The reality of "the American Dream" is a frequent debating point. Some deny it ever existed except as a slogan, while others instead assert that the concept, which had an indispensable formative function over several generations, has been surpassed by more concrete realities. A sizeable section of American Public opinion is, as yet, firmly convinced that the American Dream has always existed, continues to exist today and has bright prospects for the future.
Has a "European Dream" ever existed, and if so, is it still redeemable, or is it lapsing into the old European Nationalist nightmare?
Learned historians have explained why, after the fall of Rome, the succeeding imperial ventures in Europe had a divisive, and not a unifying effect, and how, from an essential, if fragile unity, Nation States came to be formed and thrived on rivalries and wars. Over a millennium, many Emperors, from Charlemagne to Napoleon, ended up enhancing, sometimes even creating, nationalist attitudes which reached their most ruinous effect in the World Wars of the twentieth century.
And yet for
Europeans of my generation, a "European
Dream" did begin to take shape, inspired by
a handful of ageing statesmen
(Adenauer, De Gasperi, Schumann, Monnet, Spaak and others) who really appeared
to interpret the profoundest wishes of the people they represented and to work
towards the weakening of those nationalist impulses which had led to
such disasters. When the Treaty of Rome
was signed in 1957 among the six founding
members of what was then called the "European Common Market" (France,
Even some years later, when the "Six" became "Nine", with the addition of the United Kingdom, Ireland and Denmark, and later still, when the almost mystic number of twelve was reached, the meetings among the member states, either in Brussels or in the presiding country's capital, had an air of serious, meaningful informality about them, with officials, often on first name terms, meeting around a table and openly discussing the principal problems.
By contrast, the gigantic workings of today's "European Union" seem to have lost the original spirit and principles and at times come close to rekindling those very nationalist feelings which we so purposefully, at times, perhaps, a bit naively struggled to weaken and ultimately eliminate.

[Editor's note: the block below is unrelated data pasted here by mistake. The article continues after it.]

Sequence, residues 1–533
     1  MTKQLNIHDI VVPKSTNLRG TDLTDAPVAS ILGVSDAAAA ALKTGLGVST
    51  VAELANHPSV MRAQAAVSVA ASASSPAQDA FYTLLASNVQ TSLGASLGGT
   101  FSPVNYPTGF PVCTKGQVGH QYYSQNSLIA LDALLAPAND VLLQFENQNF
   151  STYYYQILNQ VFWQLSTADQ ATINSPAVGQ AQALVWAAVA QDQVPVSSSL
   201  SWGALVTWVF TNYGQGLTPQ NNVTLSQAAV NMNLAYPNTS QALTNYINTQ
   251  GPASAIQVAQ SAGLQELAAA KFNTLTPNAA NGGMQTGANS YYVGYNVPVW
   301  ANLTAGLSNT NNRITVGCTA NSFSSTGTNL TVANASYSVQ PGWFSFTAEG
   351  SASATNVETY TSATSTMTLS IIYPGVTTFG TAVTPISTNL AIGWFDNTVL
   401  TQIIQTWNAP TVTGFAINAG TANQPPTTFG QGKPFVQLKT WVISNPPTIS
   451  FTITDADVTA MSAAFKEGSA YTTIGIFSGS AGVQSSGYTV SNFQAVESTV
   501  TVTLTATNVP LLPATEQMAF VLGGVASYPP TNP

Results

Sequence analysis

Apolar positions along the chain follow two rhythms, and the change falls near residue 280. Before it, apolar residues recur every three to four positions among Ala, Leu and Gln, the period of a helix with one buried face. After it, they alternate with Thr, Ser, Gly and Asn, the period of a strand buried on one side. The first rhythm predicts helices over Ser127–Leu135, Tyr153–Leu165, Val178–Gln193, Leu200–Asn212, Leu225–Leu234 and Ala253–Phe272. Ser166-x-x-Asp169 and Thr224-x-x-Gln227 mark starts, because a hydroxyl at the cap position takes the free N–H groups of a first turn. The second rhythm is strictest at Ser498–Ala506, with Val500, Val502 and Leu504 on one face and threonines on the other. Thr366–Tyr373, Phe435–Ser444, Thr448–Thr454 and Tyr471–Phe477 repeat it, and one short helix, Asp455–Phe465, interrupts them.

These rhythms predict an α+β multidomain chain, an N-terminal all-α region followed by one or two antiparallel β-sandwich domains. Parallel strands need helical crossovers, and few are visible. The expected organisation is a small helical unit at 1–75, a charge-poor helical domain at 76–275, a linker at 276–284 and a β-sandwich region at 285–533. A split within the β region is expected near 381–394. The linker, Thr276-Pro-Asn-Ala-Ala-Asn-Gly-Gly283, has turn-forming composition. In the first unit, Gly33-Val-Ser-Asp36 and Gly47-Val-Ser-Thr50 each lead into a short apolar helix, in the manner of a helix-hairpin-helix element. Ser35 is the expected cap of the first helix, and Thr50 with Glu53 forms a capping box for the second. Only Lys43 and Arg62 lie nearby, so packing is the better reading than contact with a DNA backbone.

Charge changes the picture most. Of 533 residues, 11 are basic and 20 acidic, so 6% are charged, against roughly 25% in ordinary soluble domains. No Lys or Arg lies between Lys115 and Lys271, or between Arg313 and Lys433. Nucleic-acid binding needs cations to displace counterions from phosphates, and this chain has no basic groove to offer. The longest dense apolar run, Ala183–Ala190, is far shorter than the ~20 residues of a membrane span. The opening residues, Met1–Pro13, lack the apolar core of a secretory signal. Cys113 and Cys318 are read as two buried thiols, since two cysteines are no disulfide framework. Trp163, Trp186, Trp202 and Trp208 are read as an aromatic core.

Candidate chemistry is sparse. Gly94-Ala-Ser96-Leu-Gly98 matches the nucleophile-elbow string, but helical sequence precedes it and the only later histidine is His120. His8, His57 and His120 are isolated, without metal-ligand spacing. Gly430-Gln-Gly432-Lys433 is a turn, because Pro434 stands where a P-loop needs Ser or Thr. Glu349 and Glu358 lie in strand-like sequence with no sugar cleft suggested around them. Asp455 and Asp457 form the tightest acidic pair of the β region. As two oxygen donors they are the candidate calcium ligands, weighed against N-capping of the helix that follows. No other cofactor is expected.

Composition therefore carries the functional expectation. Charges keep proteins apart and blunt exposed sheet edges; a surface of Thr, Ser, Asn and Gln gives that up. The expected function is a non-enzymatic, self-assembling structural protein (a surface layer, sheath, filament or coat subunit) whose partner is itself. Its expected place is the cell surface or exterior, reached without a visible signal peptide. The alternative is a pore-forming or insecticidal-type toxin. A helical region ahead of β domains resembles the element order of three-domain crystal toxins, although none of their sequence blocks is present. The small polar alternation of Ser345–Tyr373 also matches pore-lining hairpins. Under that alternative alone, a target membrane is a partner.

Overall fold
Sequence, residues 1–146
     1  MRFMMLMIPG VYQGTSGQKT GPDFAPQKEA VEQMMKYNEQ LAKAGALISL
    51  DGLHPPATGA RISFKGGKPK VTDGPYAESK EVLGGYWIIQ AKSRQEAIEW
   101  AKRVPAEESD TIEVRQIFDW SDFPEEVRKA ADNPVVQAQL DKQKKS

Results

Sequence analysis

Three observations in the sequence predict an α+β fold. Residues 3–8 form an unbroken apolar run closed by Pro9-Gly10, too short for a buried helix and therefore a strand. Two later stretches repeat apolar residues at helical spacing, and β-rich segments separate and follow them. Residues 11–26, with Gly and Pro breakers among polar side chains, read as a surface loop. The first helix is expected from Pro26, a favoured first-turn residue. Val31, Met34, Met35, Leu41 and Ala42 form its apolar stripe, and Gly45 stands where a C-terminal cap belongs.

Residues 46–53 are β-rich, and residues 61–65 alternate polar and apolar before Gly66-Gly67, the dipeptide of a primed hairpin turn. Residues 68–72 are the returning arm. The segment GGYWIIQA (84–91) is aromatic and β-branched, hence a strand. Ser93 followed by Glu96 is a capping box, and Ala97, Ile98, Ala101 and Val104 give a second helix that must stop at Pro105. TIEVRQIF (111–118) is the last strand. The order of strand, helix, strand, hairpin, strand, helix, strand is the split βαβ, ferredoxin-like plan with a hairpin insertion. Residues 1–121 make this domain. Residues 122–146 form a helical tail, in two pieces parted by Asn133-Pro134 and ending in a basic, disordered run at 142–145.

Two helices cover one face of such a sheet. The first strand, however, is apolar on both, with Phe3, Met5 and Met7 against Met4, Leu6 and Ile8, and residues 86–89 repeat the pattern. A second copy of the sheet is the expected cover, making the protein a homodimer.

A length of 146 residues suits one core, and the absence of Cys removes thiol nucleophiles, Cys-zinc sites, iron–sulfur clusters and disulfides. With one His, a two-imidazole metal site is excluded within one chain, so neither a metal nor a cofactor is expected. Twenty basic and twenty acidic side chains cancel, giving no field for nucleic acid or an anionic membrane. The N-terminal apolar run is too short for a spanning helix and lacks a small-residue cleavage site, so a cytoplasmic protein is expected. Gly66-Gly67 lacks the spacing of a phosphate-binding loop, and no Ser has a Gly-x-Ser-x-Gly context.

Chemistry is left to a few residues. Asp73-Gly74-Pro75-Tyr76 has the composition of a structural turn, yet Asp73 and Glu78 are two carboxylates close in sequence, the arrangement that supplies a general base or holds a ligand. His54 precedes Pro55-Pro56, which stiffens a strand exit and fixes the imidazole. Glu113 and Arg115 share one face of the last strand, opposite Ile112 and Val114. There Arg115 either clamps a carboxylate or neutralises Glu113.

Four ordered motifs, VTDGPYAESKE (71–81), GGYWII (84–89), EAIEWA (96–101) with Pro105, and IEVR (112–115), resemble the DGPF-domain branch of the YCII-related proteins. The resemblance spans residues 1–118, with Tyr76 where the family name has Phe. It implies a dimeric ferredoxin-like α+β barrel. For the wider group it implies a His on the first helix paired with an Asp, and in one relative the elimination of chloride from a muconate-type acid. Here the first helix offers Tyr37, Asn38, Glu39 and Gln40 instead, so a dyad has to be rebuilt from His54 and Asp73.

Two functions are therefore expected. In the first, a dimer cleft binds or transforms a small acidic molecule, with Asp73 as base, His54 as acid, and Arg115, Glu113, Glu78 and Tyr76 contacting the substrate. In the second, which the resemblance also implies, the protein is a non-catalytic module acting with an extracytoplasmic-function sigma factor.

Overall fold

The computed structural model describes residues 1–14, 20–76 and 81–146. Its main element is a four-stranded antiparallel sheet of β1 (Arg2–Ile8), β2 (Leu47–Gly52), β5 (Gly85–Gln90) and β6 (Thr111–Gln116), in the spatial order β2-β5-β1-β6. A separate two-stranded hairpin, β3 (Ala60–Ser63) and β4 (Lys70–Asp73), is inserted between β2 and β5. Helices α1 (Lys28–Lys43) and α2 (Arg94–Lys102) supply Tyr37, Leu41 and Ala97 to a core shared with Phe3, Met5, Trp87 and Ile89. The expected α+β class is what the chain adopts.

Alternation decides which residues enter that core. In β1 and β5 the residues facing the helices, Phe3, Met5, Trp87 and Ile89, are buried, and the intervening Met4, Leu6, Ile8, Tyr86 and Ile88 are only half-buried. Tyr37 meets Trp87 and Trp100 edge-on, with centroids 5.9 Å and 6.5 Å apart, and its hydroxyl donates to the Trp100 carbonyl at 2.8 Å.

questions remain on the table. Firstly, has the fundamental vision of the
founders been betrayed? If so what went wrong, and when did things begin to
unravel? And, thirdly, is there a way back, or is
"betrayed" appears perhaps too strong, and
unfair to those leaders who, in the past years, have attempted to bring
forward the ideals which were at the
base of the
As to the second query, it has to be said that a rapidly shrinking minority will still insist that, in reality, nothing ever "went wrong", and that the E.U. is bravely and efficiently coping with a world economic crisis the origins of which lie outside the Union itself. Public opinion, however, even in the most traditionally "Europhile" countries (e.g. the Netherlands or Italy) appears to disagree and has developed feelings of antipathy towards the "faceless bureaucrats" who seem to be in charge of the collective destinies of European citizens. .
Even among those ready to accept the concept that, indeed, things have been going wrong, the moment and the motive for the apparent unravelling of a well-fashioned skein remain objects of acute controversy. Some blame the apparently abnormal growth of bureaucratic regulations, while others decry the creation of a common currency without the guarantees normally associated with monetary policy.
On the basis of nearly half a century of professional involvement in the workings of the E.U., my own view -- controversial but by no means unique -- lays the blame for the present crisis on the hurried, poorly planned post Cold War expansion of the Union, to its present, virtually uncontrollable size of 27 member States..